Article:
Chicken pho, $7 – Lotus Restaurant (113 W Grant St., Minneapolis)
As a former rural Minnesotan, I had a delayed introduction to Vietnamese cuisine. But after discovering the chicken pho at Lotus, I immediately became a regular there. There is nothing better than a warm bowl of savory soup served with fresh garnishes during these brutal Minnesota winters. Not to mention the size of the pho bowls they serve. The “small” size usually leaves me with enough leftovers to cover another meal for the following day, perfect for a girl who dislikes cooking. -Victoria Schutz

Literally everything, prices vary – Owamni (420 1st St. S, Minneapolis)
Owamni has earned Sean Sherman, better known as the Sioux Chef, a long list of accolades since its opening in 2021. For better or worse, this means getting a coveted seat at this hotspot requires strategizing. I recommend walking in right at 11 a.m. for lunch or right at 4 p.m. for dinner and asking the host if there are any openings for two. Otherwise, look for midday openings on random weekdays months in advance, gather a group of your best foodie friends and request off of work. That’s what I did and literally everything I ate there made it more than worth the hassle. -James Schaak

Beef carpaccio, $19 – Sanjusan (33 N 1st Ave., Minneapolis)
Head to this Japanese-Italian spot in the North Loop for an intimate, inspired evening out. The beef carpaccio (wagyu, prosciutto, umeboshi, fried garlic) is the ideal small plate to share. Sliced so thin it nearly melts in your mouth, the umeboshi (pickled ume fruits) compliments with just the right amount of tang. Honorable mention goes to the yakitori. -Sophia Zimmerman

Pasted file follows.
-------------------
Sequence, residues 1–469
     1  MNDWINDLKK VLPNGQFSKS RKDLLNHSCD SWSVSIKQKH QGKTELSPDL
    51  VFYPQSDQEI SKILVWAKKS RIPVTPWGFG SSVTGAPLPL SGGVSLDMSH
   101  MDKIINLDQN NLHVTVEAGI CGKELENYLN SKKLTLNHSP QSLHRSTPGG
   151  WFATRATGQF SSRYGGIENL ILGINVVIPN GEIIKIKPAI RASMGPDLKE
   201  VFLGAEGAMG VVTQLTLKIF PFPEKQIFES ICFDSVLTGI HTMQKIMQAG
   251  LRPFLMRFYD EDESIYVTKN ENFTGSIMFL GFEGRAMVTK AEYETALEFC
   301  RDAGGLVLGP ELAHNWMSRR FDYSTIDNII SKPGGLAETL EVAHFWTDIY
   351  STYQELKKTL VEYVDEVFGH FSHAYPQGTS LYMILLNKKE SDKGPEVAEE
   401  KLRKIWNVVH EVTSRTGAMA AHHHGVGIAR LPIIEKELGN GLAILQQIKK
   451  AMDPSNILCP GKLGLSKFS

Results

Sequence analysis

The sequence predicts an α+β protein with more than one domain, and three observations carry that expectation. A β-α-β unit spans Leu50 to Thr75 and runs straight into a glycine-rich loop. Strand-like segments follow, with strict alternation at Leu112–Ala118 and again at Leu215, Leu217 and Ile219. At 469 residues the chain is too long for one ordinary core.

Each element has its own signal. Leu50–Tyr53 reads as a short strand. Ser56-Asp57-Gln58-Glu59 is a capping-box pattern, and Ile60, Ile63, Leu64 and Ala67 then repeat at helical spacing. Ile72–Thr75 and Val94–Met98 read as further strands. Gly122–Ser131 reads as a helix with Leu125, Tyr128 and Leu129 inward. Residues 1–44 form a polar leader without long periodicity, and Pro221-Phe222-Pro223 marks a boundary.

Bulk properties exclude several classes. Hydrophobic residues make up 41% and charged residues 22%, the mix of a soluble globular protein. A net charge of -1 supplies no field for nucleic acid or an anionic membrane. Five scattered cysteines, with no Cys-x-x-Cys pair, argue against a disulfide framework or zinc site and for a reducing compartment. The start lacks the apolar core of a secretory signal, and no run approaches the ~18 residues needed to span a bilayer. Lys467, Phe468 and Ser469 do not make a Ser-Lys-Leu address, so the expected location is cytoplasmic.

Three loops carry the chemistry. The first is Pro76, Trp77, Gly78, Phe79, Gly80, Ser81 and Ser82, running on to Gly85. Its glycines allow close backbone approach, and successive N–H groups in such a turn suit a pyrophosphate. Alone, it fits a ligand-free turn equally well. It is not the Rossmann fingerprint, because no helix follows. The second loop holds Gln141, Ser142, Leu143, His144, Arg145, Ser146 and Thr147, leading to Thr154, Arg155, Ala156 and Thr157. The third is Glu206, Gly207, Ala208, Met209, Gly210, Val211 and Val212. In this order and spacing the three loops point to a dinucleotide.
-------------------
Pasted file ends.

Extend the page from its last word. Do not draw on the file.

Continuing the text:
Salty caramel ice cream $4.90 – Sebastian Joe’s (multiple locations, including 1007 W Franklin Ave., Minneapolis)
Whenever I crave something sweet, I crave the salty caramel ice cream from Sebastian Joe’s. This ice cream shop delivers the perfect balance of salty and sweet in this flavor. I hate driving down Hennepin Avenue, and there are very few things I would make the drive for. A scoop of this handcrafted sugary goodness is one of them. -Victoria Schutz

Baklava croissant, $5 – Socca Café (245 Hennepin Ave., Minneapolis)
Among all of Gavin Kaysen’s contributions to the Twin Cities dining scene over the years, his pastries continue to stand out for me. While I’ve long believed that Bellecour Bakery’s ham and cheese croissant is the one for me, Socca Café’s baklava croissant has given the former a run for its money. Between the oh-so-delicate flaky layers of croissant and its sticky sweetness, the Mediterranean-inspired pastry has made its way into my regular repertoire. – Sophia Zimmerman

Bali ramen, $17 – Tori Ramen (603 7th St. W, St. Paul)
Ground chicken, Szechuan pepper, chili oil, poached egg, fried leeks, green onion and sesame, all swimming in a creamy tahini-based broth? I promise this bowl of ramen is just as good as it sounds. Everything at Tori is made from scratch, and also happens to be pork-free. If you venture over to Tori 44, the Minneapolis location with a slightly more extensive menu, try the fried kimchi. – Sophia Zimmerman